Trusted aide admits Park leaked secret documents
The Seoul Central District Court held a second hearing in the trial of Jeong Ho-seong, an aide to the president since 1998, who is accused of leaking government documents to Choi in collusion with Park.
In November, the prosecution indicted Jeong for handing over about 180 Blue House and government documents, including 47 classified as secret, to Choi from January 2013 through April 2016. Choi is also standing trial for allegedly having exercised undue influence in state affairs in collusion with the president. Park was impeached in December over the scandal.
“I admit to the prosecution’s charges in general,” Jeong said Wednesday at his trial.
He also admitted to the charge that he had colluded with the president. “From the perspective of a larger framework, I admit to having followed Park’s opinion and handed over documents to Choi and then went through correction processes,” he said. “The president said I should listen to Choi’s opinions and reflect them if there is any need.”
Park admitted in a televised public address in October that she asked Choi to help edit her speeches at the beginning of her term.
Jeong’s admission that the president was a co-conspirator in the leaks was a reversal of his argument during a pretrial preparation conference on Dec. 29. At the time, his lawyer said Jeong denied the charge of receiving an order from the president or colluding with the president.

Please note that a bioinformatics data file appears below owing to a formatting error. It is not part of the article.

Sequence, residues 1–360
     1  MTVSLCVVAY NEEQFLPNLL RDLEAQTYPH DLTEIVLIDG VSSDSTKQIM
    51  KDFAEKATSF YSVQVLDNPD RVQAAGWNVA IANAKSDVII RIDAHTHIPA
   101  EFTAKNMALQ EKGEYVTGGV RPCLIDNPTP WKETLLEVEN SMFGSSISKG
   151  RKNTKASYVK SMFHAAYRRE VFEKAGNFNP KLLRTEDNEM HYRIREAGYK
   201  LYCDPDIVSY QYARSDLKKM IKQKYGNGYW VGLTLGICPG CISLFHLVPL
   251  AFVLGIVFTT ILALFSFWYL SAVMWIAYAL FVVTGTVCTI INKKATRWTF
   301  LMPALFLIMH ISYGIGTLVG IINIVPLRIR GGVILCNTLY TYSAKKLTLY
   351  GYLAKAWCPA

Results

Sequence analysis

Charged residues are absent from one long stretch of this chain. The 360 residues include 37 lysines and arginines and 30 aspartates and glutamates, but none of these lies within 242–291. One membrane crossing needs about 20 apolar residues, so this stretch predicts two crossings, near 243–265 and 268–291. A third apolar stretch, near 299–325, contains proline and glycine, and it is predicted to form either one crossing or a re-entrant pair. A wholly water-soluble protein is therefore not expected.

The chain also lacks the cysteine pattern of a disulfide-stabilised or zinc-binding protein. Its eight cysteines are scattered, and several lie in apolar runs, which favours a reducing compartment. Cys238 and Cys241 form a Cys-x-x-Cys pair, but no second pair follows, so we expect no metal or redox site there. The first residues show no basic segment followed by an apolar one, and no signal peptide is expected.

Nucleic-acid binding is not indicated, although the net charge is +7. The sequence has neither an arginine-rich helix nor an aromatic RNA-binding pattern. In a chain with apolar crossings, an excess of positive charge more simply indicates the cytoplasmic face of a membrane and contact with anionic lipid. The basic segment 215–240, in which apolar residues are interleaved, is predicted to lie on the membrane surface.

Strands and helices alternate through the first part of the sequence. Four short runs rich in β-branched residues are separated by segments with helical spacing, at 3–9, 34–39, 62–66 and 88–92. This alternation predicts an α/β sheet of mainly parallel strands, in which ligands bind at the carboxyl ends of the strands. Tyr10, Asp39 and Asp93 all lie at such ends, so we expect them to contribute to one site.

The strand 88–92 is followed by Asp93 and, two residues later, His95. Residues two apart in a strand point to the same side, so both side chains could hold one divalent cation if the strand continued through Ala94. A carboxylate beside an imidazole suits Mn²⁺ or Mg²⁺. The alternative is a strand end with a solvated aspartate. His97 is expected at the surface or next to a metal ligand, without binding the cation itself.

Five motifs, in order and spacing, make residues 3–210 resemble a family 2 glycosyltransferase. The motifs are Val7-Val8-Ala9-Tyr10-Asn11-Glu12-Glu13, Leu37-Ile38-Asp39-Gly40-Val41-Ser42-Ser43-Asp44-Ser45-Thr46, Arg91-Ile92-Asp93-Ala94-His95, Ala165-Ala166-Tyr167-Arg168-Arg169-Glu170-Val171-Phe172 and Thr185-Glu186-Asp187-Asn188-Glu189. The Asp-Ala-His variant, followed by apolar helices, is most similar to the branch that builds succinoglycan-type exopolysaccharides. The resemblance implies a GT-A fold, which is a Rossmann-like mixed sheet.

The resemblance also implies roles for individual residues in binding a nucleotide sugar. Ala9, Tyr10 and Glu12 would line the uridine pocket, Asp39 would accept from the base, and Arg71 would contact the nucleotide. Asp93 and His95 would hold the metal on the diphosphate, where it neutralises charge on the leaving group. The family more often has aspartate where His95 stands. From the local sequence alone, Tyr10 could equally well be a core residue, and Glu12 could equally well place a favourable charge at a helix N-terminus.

Jeong’s lawyer Kang Kap-jin said his client agonized about admitting to the collusion charge. “He wanted the court to make a legal judgment on that part,” Kang said.
Jeong argued that he made the leaks in order to better assist the president. He said Park wanted to double-check with Choi on some matters and he did everything he could to assist the president.
The 49-year-old aide to Park has served her throughout her entire political career. He became an aide to Park in 1998 when she entered politics by winning a legislative by-election in Daegu. He was reportedly selected by Park’s then-chief of staff Chung Yoon-hoi, who is the former husband of Choi.
Along with two other longtime aides to Park, Lee Jae-man and Ahn Bong-geun, the trio was known by the nickname “The Three Doorknobs” for their direct access to the president.
During the trial, the prosecution revealed that Jeong and Choi had frequent contacts - 1,197 exchanges of text messages and 895 phone calls from February 2013 till December 2014. Of the text messages, 237 were Jeong’s messages to Choi to confirm if she received emails containing documents, such as drafts of Park’s speeches.
The prosecution also revealed testimony by a former presidential speechwriter as circumstantial evidence that Choi had interfered in Park’s speeches.
During the prosecution’s investigation, Cho In-geun, former secretary for presidential speech and records, said his drafts, which were sent to the president via Jeong, were later revised to include some awkward expressions.
BY SER MYO-JA [email@example.com]